Let $\mathbb{F}^{m \times n}$ be the vector space of all $m \times n$ matrices and let $\mathcal{L}(V, W)$ be the vector space of all linear maps from a vector space $V$ to a vector space $W$ ($V$ and $W$ both over $\mathbb{F}$) with $\dim V = n$, $\dim W = m$. Is $M_{B_V, B_W}: \mathcal{L}(V, W) \rightarrow \mathbb{F}^{m \times n}$ an isomorphism for each choice of bases $B_V$ of $V$ and $B_W$ of $W$?

EDIT: Sorry if this question did not seem motivated - my main reason for asking is that I am confused by matrices in $\mathbb{F}^{m \times n}$ whose entries are all the same or in which there is a repetition of columns: in other words, how can such a map be surjective? How can an $a_{ij} \in \mathbb{F}^{m \times n}$ whose entries are all the same or in which there is a repetition of columns correspond to $B_V$ and $B_W$?

  • $\begingroup$ Yes, yes it is. If you'd like more details, you should begin by adding more details to your question. In particular, check out the information here about How to ask a good question. $\endgroup$ – Michael Albanese Oct 21 '13 at 5:11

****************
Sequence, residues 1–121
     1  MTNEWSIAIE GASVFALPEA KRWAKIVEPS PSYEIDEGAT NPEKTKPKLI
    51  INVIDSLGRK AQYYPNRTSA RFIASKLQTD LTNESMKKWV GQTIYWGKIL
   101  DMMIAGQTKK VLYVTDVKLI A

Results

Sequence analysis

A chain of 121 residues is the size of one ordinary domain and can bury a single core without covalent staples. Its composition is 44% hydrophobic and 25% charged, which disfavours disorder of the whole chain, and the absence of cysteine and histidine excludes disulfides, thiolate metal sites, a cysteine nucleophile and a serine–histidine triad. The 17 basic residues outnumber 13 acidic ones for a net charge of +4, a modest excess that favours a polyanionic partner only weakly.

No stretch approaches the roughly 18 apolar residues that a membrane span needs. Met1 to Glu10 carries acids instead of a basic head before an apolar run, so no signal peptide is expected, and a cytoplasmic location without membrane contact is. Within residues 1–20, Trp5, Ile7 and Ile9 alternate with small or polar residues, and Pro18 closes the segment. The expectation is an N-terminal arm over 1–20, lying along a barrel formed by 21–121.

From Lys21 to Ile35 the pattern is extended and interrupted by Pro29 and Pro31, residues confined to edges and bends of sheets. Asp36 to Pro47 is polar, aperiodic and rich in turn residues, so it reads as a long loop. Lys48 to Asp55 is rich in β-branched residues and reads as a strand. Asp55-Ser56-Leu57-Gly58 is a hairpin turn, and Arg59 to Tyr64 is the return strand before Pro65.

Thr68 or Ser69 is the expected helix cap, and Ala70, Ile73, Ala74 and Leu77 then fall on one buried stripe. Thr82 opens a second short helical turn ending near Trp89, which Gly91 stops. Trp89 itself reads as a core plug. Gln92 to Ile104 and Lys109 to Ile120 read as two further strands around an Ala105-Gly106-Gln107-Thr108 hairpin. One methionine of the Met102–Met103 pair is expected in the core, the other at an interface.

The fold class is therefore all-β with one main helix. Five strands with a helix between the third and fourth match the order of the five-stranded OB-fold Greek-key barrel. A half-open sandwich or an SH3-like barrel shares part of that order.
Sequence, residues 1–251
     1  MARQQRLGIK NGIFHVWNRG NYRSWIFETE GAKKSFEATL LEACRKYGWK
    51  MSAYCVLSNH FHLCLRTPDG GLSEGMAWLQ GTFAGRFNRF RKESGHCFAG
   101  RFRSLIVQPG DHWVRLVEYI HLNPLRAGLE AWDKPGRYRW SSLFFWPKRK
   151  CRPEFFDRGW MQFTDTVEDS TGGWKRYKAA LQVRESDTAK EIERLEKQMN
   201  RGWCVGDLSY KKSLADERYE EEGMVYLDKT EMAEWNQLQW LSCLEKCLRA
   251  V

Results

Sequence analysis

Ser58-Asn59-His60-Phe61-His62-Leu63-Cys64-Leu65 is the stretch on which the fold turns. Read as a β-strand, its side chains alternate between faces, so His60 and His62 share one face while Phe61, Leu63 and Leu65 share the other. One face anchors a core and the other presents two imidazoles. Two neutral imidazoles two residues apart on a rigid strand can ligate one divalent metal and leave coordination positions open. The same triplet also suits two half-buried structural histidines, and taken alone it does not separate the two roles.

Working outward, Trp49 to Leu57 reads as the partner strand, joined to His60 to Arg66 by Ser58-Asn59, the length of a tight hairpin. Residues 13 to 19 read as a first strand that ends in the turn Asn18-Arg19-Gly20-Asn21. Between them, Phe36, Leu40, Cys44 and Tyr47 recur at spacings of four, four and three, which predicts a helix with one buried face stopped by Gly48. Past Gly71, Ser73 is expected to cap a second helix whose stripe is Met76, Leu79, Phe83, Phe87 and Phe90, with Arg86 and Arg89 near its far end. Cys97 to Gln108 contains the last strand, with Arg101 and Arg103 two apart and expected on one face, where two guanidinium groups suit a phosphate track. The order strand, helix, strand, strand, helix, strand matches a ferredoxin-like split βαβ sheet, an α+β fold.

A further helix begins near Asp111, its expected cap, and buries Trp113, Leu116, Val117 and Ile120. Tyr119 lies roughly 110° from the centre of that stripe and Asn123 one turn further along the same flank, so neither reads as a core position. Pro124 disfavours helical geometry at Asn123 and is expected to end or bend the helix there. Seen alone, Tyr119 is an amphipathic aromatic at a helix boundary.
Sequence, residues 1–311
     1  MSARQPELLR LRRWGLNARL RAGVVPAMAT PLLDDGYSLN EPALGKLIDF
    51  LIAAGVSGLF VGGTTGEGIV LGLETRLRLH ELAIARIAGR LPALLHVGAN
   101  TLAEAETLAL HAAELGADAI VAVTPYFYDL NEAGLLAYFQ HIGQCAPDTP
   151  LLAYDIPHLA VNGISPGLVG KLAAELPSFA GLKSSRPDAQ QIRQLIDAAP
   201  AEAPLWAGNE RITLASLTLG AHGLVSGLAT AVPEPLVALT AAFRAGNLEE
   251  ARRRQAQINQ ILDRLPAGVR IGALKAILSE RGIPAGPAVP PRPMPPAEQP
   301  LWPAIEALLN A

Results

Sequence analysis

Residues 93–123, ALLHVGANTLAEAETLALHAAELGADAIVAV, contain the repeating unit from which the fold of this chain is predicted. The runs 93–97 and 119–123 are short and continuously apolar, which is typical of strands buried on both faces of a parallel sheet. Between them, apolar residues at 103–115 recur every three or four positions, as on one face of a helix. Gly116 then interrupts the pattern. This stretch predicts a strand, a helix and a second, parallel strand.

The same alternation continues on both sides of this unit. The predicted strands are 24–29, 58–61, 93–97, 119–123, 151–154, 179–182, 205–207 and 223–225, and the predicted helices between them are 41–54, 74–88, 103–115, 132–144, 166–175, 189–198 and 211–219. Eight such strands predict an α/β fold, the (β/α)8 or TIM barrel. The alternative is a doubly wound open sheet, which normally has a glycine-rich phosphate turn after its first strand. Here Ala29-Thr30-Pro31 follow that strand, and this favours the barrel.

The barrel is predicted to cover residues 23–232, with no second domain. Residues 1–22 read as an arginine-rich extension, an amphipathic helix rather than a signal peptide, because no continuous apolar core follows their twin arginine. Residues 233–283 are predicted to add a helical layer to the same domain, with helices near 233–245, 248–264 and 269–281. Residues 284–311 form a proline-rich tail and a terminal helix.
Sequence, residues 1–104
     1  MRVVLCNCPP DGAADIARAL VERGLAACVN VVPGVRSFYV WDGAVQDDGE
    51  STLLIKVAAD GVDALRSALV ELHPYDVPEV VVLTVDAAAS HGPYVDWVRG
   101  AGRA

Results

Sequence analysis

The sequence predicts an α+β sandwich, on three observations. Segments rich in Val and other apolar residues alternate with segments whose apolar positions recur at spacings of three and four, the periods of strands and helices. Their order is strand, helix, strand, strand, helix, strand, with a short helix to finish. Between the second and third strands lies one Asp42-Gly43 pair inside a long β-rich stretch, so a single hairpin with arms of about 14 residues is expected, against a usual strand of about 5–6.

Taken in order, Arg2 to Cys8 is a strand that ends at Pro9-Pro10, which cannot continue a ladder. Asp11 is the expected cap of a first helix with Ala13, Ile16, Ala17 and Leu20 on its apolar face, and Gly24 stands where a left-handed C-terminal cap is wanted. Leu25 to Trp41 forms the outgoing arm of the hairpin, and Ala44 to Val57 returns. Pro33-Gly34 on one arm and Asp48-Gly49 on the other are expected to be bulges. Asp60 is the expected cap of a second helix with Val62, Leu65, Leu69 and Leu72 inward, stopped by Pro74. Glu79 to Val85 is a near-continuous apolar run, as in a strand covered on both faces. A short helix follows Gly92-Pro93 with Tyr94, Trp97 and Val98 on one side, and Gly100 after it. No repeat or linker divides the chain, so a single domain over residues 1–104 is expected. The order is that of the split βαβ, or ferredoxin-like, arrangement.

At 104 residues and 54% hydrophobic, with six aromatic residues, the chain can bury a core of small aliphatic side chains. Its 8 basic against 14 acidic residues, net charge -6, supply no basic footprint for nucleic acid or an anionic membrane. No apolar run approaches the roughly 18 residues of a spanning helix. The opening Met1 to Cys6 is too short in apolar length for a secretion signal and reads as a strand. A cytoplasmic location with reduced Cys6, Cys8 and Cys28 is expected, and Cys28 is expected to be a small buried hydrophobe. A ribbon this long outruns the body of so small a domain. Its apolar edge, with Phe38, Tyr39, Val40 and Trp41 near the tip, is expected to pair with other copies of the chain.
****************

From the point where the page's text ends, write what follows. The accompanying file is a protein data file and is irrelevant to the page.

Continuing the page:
• $\begingroup$ Yes. ${}{}{}{}{}$ $\endgroup$ – copper.hat Oct 21 '13 at 5:11
  • $\begingroup$ @MichaelAlbanese: Thanks for the advice - I edited my question. I will make sure to take a look at that guide you linked me! $\endgroup$ – user102237 Oct 21 '13 at 5:37

$\mathcal{L}(V, W)$ is the set of all linear maps $V \to W$, they need not be injective or surjective. The map $M_{B_VB_W}$ takes a linear map $\varphi : V \to W$ and associates to it the unique matrix $A_{\varphi} \in \mathbb{F}^{m\times n}$ such that $[\varphi(v)]_{B_W} = A_{\varphi}[v]_{B_V}$; here $[\,\cdot\,]_{B_W}$ and $[\,\cdot\,]_{B_V}$ mean the components with respect to the bases $B_W$ and $B_V$ respectively. That is, $M_{B_VB_W}(\varphi) = A_{\varphi}$. If the matrix $A_{\varphi}$ has repeated columns, that just means the map $\varphi$ is not injective.

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  • $\begingroup$ I understand this - I am not talking about the maps in $\mathcal{L}(V, W)$. I am talking about the map $M_{B_V,B_W}$ $\endgroup$ – user102237 Oct 21 '13 at 5:47
  • $\begingroup$ Okay...this makes wonderful sense. I should have known that this is exactly what you meant in your original answer. Thanks! $\endgroup$ – user102237 Oct 21 '13 at 5:52

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